• If you group servers by function, application, or another pattern, you can create a table with the server groups and join to it from the script table. While this may reduce complexity if consistent, it may add complexity if inconsistent.
  • Consider the most appropriate security design for your environment which allows flexibility for running scripts across multiple servers.


Last Updated: 2017-12-29


next webcast button


next tip button



About the author
MSSQLTips author Tim Smith Tim Smith works as a DBA and developer and also teaches Automating ETL on Udemy.

View all my tips
Related Resources





Post a comment or let the author know this tip helped.

All comments are reviewed, so stay on subject or we may delete your comment. Note: your email address is not published. Required fields are marked with an asterisk (*).

*Name    *Email    Email me updates 


Signup for our newsletter
 I agree by submitting my data to receive communications, account updates and/or special offers about SQL Server from MSSQLTips and/or its Sponsors. I have read the privacy statement and understand I may unsubscribe at any time.



    



Tuesday, January 16, 2018 - 9:57:15 AM - Tim Back To Top

@Praveen

For data scripts (insert, update, delete), I still want to use T-SQL logic to catch errors or invalid T-SQL, as a rollback will be costly.  In the case of capturing this output, rather than relying on the standard output, I would add validation at the end of the T-SQL, such as ...

$server = "OurServer"

$database = "OurDatabase"

$query = "UPDATE OurTable SET ID = 1  SELECT @@ROWCOUNT RowsAffected"

$rowsaffected = Invoke-Sqlcmd -server $server -database $database -Query $query

$write = "Query: $query, Row(s) affected: " + $rowsaffected.RowsAffected

Add-Content "c:\example\log.txt" $write

 

OR:

 

$server = "OurServer"

$database = "OurDatabase"

$query = "UPDATE OurTable SET ID = 1  SELECT @@ROWCOUNT RowsAffected"

$rowsaffected = Invoke-Sqlcmd -server $server -database $database -InputFile "C:\log\1.sql"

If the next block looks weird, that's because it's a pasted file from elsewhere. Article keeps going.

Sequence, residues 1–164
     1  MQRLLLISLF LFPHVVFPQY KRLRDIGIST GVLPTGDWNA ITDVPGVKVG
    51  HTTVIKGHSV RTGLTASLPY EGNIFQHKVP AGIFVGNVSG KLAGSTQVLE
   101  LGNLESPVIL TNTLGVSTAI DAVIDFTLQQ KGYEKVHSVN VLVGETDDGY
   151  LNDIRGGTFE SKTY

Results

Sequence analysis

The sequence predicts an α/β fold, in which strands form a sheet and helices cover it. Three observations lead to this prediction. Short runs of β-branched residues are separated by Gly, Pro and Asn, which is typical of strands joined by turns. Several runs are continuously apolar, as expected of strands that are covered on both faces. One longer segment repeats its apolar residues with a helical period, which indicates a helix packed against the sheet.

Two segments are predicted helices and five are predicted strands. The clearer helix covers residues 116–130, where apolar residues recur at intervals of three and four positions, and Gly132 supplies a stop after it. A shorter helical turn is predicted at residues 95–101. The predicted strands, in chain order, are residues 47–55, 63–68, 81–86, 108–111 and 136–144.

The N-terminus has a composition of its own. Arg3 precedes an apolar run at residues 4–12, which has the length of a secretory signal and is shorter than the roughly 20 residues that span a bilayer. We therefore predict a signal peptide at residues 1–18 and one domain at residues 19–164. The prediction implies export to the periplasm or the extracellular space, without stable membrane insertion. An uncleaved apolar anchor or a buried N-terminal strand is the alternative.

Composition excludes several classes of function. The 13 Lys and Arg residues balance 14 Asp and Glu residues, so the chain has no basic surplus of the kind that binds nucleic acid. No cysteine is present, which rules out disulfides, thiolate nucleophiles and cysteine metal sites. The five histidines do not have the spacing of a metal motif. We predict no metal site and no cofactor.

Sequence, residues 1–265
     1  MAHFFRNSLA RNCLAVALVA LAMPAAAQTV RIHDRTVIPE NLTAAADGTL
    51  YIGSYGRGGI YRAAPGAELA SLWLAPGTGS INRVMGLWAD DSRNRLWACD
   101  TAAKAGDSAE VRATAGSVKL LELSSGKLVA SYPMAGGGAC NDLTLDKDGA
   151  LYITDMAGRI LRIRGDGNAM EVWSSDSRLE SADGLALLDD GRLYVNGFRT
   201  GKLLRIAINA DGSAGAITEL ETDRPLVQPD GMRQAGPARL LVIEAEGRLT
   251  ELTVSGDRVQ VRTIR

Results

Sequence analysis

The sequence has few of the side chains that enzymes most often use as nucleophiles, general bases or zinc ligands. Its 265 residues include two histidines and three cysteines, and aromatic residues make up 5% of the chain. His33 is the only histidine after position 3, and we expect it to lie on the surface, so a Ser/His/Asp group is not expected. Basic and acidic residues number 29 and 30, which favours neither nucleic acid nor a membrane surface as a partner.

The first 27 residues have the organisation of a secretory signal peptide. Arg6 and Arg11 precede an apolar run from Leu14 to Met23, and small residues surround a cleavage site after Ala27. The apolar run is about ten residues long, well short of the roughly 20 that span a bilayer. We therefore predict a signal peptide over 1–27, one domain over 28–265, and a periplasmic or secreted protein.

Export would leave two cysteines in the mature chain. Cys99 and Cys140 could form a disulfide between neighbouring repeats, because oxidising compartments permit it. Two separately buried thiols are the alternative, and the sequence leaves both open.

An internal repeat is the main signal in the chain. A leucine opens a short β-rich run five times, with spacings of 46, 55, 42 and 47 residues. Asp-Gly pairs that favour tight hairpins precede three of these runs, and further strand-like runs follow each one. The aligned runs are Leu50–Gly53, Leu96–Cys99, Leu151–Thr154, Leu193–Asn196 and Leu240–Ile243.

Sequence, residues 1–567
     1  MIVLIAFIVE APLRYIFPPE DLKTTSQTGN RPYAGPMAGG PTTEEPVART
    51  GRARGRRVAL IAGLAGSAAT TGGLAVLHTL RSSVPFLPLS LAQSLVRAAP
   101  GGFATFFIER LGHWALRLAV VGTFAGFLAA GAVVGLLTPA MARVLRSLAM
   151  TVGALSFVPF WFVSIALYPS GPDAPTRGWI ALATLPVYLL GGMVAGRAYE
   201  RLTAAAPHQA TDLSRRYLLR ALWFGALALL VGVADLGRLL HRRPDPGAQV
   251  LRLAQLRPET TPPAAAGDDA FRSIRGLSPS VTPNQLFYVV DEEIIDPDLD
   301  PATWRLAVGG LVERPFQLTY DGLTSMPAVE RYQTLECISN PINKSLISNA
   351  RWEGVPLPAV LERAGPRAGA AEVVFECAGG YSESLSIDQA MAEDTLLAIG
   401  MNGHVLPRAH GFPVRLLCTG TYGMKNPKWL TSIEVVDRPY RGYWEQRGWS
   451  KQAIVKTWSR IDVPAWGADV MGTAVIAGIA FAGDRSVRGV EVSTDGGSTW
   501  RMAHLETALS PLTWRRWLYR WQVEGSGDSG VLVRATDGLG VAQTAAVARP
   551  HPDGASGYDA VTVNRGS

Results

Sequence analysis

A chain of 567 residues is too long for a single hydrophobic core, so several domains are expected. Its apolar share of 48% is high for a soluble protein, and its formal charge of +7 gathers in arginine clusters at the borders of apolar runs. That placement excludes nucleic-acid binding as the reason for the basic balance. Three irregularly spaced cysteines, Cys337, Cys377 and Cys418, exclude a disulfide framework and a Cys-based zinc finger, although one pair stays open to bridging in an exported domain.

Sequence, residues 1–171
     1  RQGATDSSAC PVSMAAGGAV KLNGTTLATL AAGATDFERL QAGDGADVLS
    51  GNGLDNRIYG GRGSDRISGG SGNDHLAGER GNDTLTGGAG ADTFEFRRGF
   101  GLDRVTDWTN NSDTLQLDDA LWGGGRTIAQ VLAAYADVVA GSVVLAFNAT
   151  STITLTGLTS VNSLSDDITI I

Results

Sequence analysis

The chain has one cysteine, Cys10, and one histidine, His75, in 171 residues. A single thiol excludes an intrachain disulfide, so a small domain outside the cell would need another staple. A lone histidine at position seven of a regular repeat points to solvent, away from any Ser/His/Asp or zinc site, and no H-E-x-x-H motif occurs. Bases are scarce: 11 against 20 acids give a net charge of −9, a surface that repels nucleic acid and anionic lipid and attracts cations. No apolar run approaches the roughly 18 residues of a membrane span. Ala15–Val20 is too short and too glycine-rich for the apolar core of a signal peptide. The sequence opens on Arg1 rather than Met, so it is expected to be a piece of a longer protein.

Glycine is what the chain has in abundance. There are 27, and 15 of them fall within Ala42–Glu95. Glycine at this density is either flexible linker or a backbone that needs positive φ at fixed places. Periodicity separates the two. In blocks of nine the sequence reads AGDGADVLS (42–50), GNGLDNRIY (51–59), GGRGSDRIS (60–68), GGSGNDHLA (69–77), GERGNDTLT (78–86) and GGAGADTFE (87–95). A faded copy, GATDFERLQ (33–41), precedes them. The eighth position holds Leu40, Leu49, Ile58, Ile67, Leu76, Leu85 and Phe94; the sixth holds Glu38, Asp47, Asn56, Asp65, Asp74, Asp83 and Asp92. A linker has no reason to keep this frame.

$write = "Row(s) affected: " + $rowsaffected.RowsAffected

Add-Content "c:\example\log.txt" $write

 

OR:

 

$server = "OurServer"

$database = "OurDatabase"

$query = "UPDATE tblCreateData 

SET ID = 5  

 

SELECT CAST(@@ROWCOUNT AS VARCHAR(1000)) + ' row(s) updated and message here that I want.' CustomMessage"

$custommessage = Invoke-Sqlcmd -server $server -database $database -Query $query

Add-Content "c:\example\log.txt" $custommessage.CustomMessage


Sunday, January 07, 2018 - 2:55:22 PM - Praveen Kumar Back To Top

Hi Tim Smith,

I'm pretty new to the powershell.Your scripts are very interesting above one as well as the number of DML operation in T-SQL scripts.

I have  return powershell  scripts to execute many T-SQL  by generating the log file for each T-SQL script execution but in the log files i'm unballe to get resuts like command executed or 7 row affected by using the Invoke-sqlcmd command. I try to use Verbise to capture but unlucky.

Do you know any other options. 

Thanks for your answer inadvance.

 

 

 

 


Friday, December 29, 2017 - 9:21:05 AM - Alen Back To Top

 for any changes to stored procedures, i'd probably add some logic to create any affected procedure as a new one with the data appended to the name and then run the alter procedure statement on the real one. This way if there is some bug it's easy to revert

 


Learn more about SQL Server tools